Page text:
My Japanese Beetles Come Home To RoostPosted: July 22, 2013
It started with a text message from my work partner, Cliff – “signing Baker up for power wheelchair information was good stuff.”
The guy he’s referring to, Baker, works hard. But he always seems to be undergoing some sort of surgery. It’s never anything horrific, just normal wear and tear for an 80-year-old man. Baker is in his early thirties. So, in the dark humor of my office, sending Baker’s name in to get informational mailings about power wheelchairs is hysterical.
I knew from the message that the prevailing opinion in the office was that I was responsible for sending Baker’s name in. I called Cliff and asked what happened. He laughed and described Baker’s reaction to the big glossy packets of wheelchair information he’d gotten. Then I broke the news to him. I had nothing to do with this joke.
He roared with laughter. “You are such a liar”, he said, “this must be your work”. “It isn’t, I really had nothing to do with this one” I told him. He laughed even harder, and repeated his accusation that I was a liar, with an added word that I won’t say here because my mother might read it.
I couldn’t convince him that I really had no idea who had pulled off the wheelchair mailing list joke. He was certain I was the prankster and told me so. I began to have flashbacks of my high school Italian teacher wrongly accusing me of sabotaging her yearly slide show, yearly. My only defense was denial.
I Stand Accused
Cliff skillfully prosecuted his case against me. I knew he did not have any physical evidence against me because I was (and am) innocent. He had a strong circumstantial case and fired off a series of questions:
“Have you ever rigged anyone’s desk to sing “Superfreak” whenever the desk drawer was opened?”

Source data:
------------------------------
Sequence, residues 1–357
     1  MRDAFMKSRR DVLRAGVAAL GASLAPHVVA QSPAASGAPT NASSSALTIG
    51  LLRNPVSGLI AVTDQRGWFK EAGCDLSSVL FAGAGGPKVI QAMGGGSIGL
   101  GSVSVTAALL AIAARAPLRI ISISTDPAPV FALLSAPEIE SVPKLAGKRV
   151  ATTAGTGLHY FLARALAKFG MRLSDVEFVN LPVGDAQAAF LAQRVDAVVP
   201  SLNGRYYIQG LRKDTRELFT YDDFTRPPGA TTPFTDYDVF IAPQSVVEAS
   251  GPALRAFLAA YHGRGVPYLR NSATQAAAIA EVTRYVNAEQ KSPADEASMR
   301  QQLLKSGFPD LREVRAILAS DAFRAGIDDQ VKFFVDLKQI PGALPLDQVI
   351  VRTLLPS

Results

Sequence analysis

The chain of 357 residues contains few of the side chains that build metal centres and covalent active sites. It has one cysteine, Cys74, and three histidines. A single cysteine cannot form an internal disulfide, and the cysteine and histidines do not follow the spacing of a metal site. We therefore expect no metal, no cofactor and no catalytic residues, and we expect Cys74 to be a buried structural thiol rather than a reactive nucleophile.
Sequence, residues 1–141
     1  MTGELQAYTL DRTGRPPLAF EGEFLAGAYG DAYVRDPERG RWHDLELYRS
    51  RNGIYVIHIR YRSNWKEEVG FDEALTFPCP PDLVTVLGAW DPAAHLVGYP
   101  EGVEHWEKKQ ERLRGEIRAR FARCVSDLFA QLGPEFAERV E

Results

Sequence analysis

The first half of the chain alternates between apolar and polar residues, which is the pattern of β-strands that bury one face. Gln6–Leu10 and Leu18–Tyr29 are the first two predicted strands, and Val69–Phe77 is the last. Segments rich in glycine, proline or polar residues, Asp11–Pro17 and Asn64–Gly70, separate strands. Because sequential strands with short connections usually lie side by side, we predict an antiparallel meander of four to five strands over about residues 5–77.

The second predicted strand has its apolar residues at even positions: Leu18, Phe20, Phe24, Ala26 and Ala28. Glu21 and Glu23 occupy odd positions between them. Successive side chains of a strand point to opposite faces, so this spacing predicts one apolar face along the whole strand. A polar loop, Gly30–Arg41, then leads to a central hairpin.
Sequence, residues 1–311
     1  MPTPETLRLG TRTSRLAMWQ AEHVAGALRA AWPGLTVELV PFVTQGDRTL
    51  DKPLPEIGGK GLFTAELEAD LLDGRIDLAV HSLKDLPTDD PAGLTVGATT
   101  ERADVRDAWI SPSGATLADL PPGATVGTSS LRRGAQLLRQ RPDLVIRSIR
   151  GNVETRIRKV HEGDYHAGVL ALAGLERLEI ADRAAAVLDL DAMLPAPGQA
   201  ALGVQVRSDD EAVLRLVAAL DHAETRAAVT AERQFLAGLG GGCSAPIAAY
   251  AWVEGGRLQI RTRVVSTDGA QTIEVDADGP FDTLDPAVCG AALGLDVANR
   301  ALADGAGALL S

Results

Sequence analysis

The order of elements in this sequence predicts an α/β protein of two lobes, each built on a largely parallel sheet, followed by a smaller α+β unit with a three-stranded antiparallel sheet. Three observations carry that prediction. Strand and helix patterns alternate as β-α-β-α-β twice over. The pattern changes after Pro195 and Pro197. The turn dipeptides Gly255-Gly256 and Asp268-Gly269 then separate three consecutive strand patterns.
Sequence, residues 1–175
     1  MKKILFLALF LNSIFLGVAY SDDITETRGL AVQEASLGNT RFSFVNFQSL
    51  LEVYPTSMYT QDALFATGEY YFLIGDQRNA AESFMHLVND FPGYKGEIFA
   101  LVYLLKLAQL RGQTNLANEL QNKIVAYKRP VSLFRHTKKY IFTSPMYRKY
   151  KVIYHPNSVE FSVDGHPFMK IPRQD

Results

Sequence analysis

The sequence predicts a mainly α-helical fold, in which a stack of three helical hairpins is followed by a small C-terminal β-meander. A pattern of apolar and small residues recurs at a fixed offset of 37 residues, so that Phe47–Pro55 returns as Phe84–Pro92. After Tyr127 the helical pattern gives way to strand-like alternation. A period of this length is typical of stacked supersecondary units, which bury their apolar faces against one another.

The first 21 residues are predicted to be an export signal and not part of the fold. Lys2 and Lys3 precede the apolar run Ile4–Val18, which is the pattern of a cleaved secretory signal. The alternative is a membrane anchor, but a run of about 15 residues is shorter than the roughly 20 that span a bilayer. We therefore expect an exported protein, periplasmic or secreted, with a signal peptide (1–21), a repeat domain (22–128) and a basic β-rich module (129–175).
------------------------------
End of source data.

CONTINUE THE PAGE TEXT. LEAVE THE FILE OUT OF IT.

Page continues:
“And you’ve done the same thing to the Lieutenant?”
“But you used the same technique.”
“Yes I did.”
“Tied streamers and cans to the bumper of a police car?”
“Stolen a police car?”
“Which police car?”
“Filled anyone’s office with cardboard boxes?”
Oma Strikes Back
I acknowledged the cardboard stunt, then went on the attack with the only defense I had: “I really had nothing to do with this power chair thing. You know I tell you when I do something and you ask me.” Cliff cracked. “I know. This one’s good though, it looks like your work. You say it isn’t. OK.”
Ahhh, vindication. Or, so I thought.
“Let me ask you about one other from a long time ago. I went to the captain’s office one morning a few years ago. Someone had taken all the pictures out of his office and replaced them with a painting. He was trying to figure out how it happened. Today, in roll call, people were telling me about a painting that you hated and how they never found out where it went. That was the painting in the captain’s office. You redecorated, didn’t you?”
I admitted to that.
“You lured hundreds of Japanese beetles into someone’s car.”
“Yes, but that was a long time ago.”
“The phone message you like to leave in people’s boxes to call Mr. Bass…what phone number do you put on it for them to call?”
“The number for Modern Fish Market.”
I Want All Of You To Know I Really Did Not Do This
Things looked dire, yet it felt like he was about to let me off the hook. We chatted a moment about a meeting he’d been in and a few other things. I should have known he would finish his argument.
“Why’d you stop?”
Cliff knew the answer and so did I. The question was a fatal blow to the case for my innocence…even though I was not part of the power wheelchair stunt. I said “I stopped because he transferred and I can’t get to his laundry anymore.”
“OK dude, its your day off. I just wanted you to know I thought the wheel chair gag was great. Good job, I’ll talk to you next week.”
I stand wrongly accused because of my past deeds.